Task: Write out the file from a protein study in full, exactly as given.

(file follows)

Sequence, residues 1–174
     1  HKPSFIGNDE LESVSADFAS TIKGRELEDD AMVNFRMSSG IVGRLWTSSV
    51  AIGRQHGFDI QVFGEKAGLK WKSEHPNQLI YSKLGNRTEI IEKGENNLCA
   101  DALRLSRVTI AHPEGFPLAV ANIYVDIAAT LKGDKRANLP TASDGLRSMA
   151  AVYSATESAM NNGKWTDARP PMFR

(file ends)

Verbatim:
Sequence, residues 1–174
     1  HKPSFIGNDE LESVSADFAS TIKGRELEDD AMVNFRMSSG IVGRLWTSSV
    51  AIGRQHGFDI QVFGEKAGLK WKSEHPNQLI YSKLGNRTEI IEKGENNLCA
   101  DALRLSRVTI AHPEGFPLAV ANIYVDIAAT LKGDKRANLP TASDGLRSMA
   151  AVYSATESAM NNGKWTDARP PMFR